DINK:

Has mastered the dink and drop shots, and can effectively move opponents with precise shot placements. Exhibits patience during rallies and strategically changes the pace of dinks to create opportunities for attacking.

3RD SHOT:

Has achieved mastery in choosing and executing effective 3rd shot strategies, resulting in numerous opportunities to win points. Demonstrates high consistency in executing both drop shots and drive shots from both the forehand and backhand sides.

VOLLEY:

Can effectively block hard volleys and consistently execute drop shots into the non-volley zone. Demonstrates ease in hitting overhead shots for winners. Able to consistently direct volleys towards opponents’ feet. Comfortable with swinging volleys for both initiating and attacking/neutralizing returns.

STRATEGY:

This pickleball player has achieved mastery of the sport’s strategies and can adeptly vary their approach and playing style in competitive or tournament matches. They are skilled at turning defensive shots into offensive opportunities and utilize efficient footwork with effective weight transfer to enhance their quickness on the court. They can easily and rapidly adapt their playing style and game plan based on their opponent’s strengths, weaknesses, and court position. Moreover, they rarely make unforced errors during play.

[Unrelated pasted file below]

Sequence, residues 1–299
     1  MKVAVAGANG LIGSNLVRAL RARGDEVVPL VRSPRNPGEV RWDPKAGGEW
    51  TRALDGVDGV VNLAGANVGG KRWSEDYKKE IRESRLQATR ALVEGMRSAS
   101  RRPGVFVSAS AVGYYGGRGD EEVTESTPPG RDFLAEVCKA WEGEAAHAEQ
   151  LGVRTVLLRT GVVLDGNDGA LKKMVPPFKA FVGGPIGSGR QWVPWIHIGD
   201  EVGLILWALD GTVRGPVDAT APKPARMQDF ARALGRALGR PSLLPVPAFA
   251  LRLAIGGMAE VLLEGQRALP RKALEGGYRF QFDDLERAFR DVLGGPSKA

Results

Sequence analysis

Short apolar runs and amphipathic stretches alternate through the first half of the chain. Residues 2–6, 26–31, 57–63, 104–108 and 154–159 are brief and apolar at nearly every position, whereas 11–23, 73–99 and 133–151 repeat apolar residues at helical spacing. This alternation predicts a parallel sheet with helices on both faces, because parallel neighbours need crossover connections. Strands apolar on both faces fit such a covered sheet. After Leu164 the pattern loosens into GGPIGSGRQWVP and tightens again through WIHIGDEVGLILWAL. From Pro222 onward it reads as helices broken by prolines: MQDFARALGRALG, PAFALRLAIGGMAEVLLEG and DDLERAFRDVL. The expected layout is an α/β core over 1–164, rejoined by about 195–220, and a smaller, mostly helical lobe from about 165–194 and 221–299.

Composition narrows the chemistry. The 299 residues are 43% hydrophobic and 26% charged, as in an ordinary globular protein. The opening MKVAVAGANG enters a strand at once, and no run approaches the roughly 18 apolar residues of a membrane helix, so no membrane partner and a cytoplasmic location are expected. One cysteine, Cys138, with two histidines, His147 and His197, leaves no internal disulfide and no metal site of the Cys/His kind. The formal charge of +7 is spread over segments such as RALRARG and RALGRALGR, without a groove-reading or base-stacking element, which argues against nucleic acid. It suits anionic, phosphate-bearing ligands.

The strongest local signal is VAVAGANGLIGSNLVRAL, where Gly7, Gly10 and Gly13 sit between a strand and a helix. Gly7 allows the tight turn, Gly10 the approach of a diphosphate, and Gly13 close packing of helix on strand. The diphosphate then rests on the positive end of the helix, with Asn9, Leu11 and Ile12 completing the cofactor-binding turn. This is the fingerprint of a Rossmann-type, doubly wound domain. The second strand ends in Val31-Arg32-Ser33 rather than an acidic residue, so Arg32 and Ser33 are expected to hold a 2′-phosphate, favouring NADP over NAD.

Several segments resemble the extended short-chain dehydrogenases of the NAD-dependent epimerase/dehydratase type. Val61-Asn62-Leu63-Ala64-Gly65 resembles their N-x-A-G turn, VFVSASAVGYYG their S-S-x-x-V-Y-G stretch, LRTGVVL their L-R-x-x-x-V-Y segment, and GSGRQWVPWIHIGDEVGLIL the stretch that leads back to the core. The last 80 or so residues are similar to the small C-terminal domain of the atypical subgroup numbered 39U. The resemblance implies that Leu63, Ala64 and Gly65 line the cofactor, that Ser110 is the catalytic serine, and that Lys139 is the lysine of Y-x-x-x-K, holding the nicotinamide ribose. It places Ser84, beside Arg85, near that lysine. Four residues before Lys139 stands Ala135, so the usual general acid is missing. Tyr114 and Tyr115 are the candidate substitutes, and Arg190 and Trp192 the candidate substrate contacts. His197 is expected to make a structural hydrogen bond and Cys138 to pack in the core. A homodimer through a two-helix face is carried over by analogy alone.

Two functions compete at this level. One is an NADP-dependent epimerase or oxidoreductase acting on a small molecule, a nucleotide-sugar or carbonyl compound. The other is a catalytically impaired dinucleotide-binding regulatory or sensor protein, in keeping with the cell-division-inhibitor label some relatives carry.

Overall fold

5.5+

This player is a highly skilled and accomplished competitor, evidenced by their impressive performance record and numerous tournament victories, demonstrating their ability to consistently perform at a top caliber level.

Now that you know some of the most important aspects of playing pickleball as a beginner, get out there and play your first game! If you’re not sure where to start playing, feel free to check out our Where To Play Pickleball page on our website. 

It’s Pickleball Time!!